Getting Started with Your Meditation Practice

Why Practice Meditation?

“Our minds are constantly moving and worrying about deadlines, evaluating our own performance or that of others, or dwelling on interactions from the past,” explains Nina Smiley, PhD, director of mindfulness programming at Mohonk Mountain House in New York. Practicing meditation trains your mind to focus your awareness on the present, which slows your mind down and helps you relax. This state of calmness doesn’t just feel good, it’s very beneficial for your health as well.

The strongest link that has been proven between meditation and overall health is its ability to reduce stress, which can trigger or exacerbate several serious conditions, including heart disease, obesity, and even anxiety disorders. Meditation also significantly improves your mood, improves your ability to focus on specific tasks and it is a key tool in promoting resilience.

Tips for Getting Started

To help you have a more successful meditation practice, follow these tips from HeadspacePrevention and NIH:

  • Do Your Research: There are so many different types of meditation such as emotion-centered meditation, mindfulness meditation, visual-based meditation, and much more. Spend some time researching each one and decide which one will be most beneficial for you.
  • Add Meditation to Your Schedule: Planning a time to meditate each day and putting it on your schedule helps ensure you make time for your practice every day. Keep in mind that you should schedule it for a time that works best for you. Are you an early morning riser or do you prefer staying up late in the night? Making it convenient for your schedule will help you stay consistent.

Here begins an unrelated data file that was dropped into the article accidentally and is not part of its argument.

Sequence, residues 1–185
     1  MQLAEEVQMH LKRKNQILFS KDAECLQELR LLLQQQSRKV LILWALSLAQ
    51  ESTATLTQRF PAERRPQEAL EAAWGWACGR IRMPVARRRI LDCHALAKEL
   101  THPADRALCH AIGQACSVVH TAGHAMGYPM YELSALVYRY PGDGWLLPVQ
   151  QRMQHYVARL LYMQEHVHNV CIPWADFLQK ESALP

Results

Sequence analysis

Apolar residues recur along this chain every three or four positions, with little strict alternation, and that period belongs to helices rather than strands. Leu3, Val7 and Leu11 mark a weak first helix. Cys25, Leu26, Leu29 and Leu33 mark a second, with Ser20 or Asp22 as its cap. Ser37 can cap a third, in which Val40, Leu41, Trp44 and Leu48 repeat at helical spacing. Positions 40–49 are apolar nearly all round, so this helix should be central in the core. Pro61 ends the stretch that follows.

• Don’t Get Upset When Your Mind Wanders: This is the most important tip! Many people quit meditation completely because they feel like not being able to keep their mind from wandering means they have failed. That is not the case though! It is natural for your mind to wander. In fact, recognizing that your thoughts have drifted and then refocusing on your practice is a major part of meditation in the beginning.
  • Make Yourself as Comfortable as Possible: You don’t want to be so comfortable that you fall asleep, but you don’t want to be uncomfortable either. For example, sitting cross legged on the floor for several minutes can cause your back or hips to ache. This will most likely make your mind focus on the pain instead of your practice. Small adjustments, such as adding a cushion or switching up your position will set you up for success.
  • Let Go of Your Expectations: Do not go into your practice with expectations of how you will feel afterwards or how meditation will improve any one aspect of your life. Go into your practice each day recognizing the opportunity you are giving yourself to get to know your mind better and let the benefits occur naturally.
  • Create a Meditation Space: Choose or create a space that is specifically for meditation to help train your body and mind to feel more comfortable and allow you to transition into meditation more easily. You can also get creative with your space and add decor or other elements that help you feel relaxed and at peace. Think of it in the same way you’d only go to your home office to focus on work.

This is a topic we covered in our October edition of HD Heartbeat. If you are interested in signing up for our monthly newsletter, contact us today!

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